For fundamental research on the Bithorax Complex, which established the role of homeotic genes in the development of cell patterns and provided a foundation for current studies of embryonic development.
In fundamental discoveries made over the last 40 years, Dr. Lewis has laid the foundation for most of what is known today about the evolution, structure and function of control genes, which regulate development of specific regions of the body. Dr. Lewis's revolutionary investigations have also provided methods and materials for analyzing gene function, laying the groundwork for late discoveries of control genes in other organisms, especially vertebrates.
Dr. Lewis is particularly known for his use of the fruit fly, Drosophila, to study how genes determine heredity. Beginning with a small number of viable mutants of the fruit fly, he discovered what he called the Bithorax complex, a cluster of genes in the fly that controls how the body segments develop. Beginning in the late 1940s, Dr. Lewis showed that mutations in Drosophila that lead to striking abnormalities, such as embryos with multiple thoraxes or flies with four wings instead of two, are organized in giant clusters.
This work established the concept that single genes can control the development of specific regions of the body. Further, Dr. Lewis established a direct relationship between the tandem repeat structure of the Bithorax complex genes and their orderly expression in the body. He then made what 30 years ago was considered a radical proposal: that such gene clusters evolved by repeated duplication of a single ancestral gene and that these clusters in modern organisms would show traces of their common origin.
Dr. Lewis's studies launched a new area of investigation into how genes regulate the entire course of growth of a living organism. Over the past decade, using new techniques of molecular biology, scientists have built on his observations about development. In particular, they have identified within the DNA of each gene of the giant clusters a region that differs very little from organism to organism, called the "homeobox." The nature of the homeobox and its precise function is a widely investigated area in developmental biology today. There is considerable speculation that it acts as a kind of master regulator of development.
To Dr. Edward Lewis, for his discovery of the Bithorax complex, through research on the fruit fly, which led to the establishment of fundamental principles for analyzing gene function in developing organisms, including human beings, this 1991 Albert Lasker Basic Medical Research Award is given.
For charting new paths in developmental biology through investigations that led to the discovery of nearly all genes responsible for organizing basic body patterns.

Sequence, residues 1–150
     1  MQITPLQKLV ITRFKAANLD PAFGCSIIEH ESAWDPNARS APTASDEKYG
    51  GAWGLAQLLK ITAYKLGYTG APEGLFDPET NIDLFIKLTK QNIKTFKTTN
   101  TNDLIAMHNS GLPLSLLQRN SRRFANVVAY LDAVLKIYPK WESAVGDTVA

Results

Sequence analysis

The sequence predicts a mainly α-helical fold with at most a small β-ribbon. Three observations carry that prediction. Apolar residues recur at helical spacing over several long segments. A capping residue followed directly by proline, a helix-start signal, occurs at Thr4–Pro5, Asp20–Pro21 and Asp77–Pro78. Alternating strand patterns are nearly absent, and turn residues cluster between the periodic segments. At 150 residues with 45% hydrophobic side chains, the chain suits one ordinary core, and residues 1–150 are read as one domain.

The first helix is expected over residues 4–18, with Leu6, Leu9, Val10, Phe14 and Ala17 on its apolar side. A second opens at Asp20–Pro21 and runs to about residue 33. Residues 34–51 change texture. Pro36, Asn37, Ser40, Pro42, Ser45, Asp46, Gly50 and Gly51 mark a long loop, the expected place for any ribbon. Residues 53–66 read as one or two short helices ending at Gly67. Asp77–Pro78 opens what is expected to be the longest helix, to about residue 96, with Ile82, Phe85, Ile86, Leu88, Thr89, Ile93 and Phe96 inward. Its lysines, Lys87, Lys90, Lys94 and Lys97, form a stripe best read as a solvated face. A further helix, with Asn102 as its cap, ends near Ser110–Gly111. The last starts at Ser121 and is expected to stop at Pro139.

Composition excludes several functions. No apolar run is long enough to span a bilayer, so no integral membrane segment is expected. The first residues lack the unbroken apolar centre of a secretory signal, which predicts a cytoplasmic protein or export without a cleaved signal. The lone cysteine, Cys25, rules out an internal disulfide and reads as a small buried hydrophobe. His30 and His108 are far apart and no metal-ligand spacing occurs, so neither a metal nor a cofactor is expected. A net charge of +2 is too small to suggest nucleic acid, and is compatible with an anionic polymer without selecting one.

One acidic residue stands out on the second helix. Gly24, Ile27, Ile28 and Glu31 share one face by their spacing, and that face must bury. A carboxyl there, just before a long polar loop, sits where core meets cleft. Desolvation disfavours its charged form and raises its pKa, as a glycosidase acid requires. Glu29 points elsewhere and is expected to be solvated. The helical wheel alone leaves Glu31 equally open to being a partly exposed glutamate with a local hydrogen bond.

Working with the fruit fly, Drosophila, Dr. Nüsslein-Volhard determined how genes control body patterns by showing that they give rise to a hierarchy of signaling molecules, each conferring spatial information by governing where and when other molecules are expressed. By systematically identifying and characterizing about 120 genes, or nearly all of the genes involved in specifying embryonic pattern development, Dr. Nüsslein-Volhard and her colleague Eric Wieschaus have opened up the study of the body plan on the molecular level. Through these investigations, Dr. Nüsslein-Volhard discovered the first defined molecular gradients which tell cells what to do based on their relative position within the embryo.
Dr. Nüsslein-Volhard has identified about 30 genes that directly affect the process of determination of the embryonic axis. These “coordinate” genes define four systems that determine the anteroposterior axis (three systems) and the dorsoventral axis (one system) independently. Although all four systems use different biochemical mechanisms, they share several properties. First, the product of one gene in each system is localized in a specific region of the freshly laid egg and functions as a spatial signal. Second, in each system this spatial information finally results in the asymmetrical distribution of one gene product that functions as a transcription factor. Finally, this transcription factor is distributed in a concentration gradient that defines the spatial limits of expression of one or more zygotic target genes.
Dr. Nüsslein-Volhard’s research is considered awe-inspiring for its sheer daring and success. Most of the genes she has identified in the past 12 years were previously unknown. And in the brief period since their discovery, nearly all have been cloned and are the subject of intense analysis by hundreds of laboratories. Moreover, her recent work on specific subsets of these genes, particularly those controlling dorsoventral and anteroposterior axis determination in early embryos, has helped provide a foundation that may prove comparable to that which we now have for Drosophila for understanding the development of higher vertebrate animals.
To Dr. Christiane Nüsslein-Volhard, for charting new paths in developmental biology through the discovery of nearly all genes responsible for organizing basic body patterns, this 1991 Albert Lasker Basic Medical Research Award is given.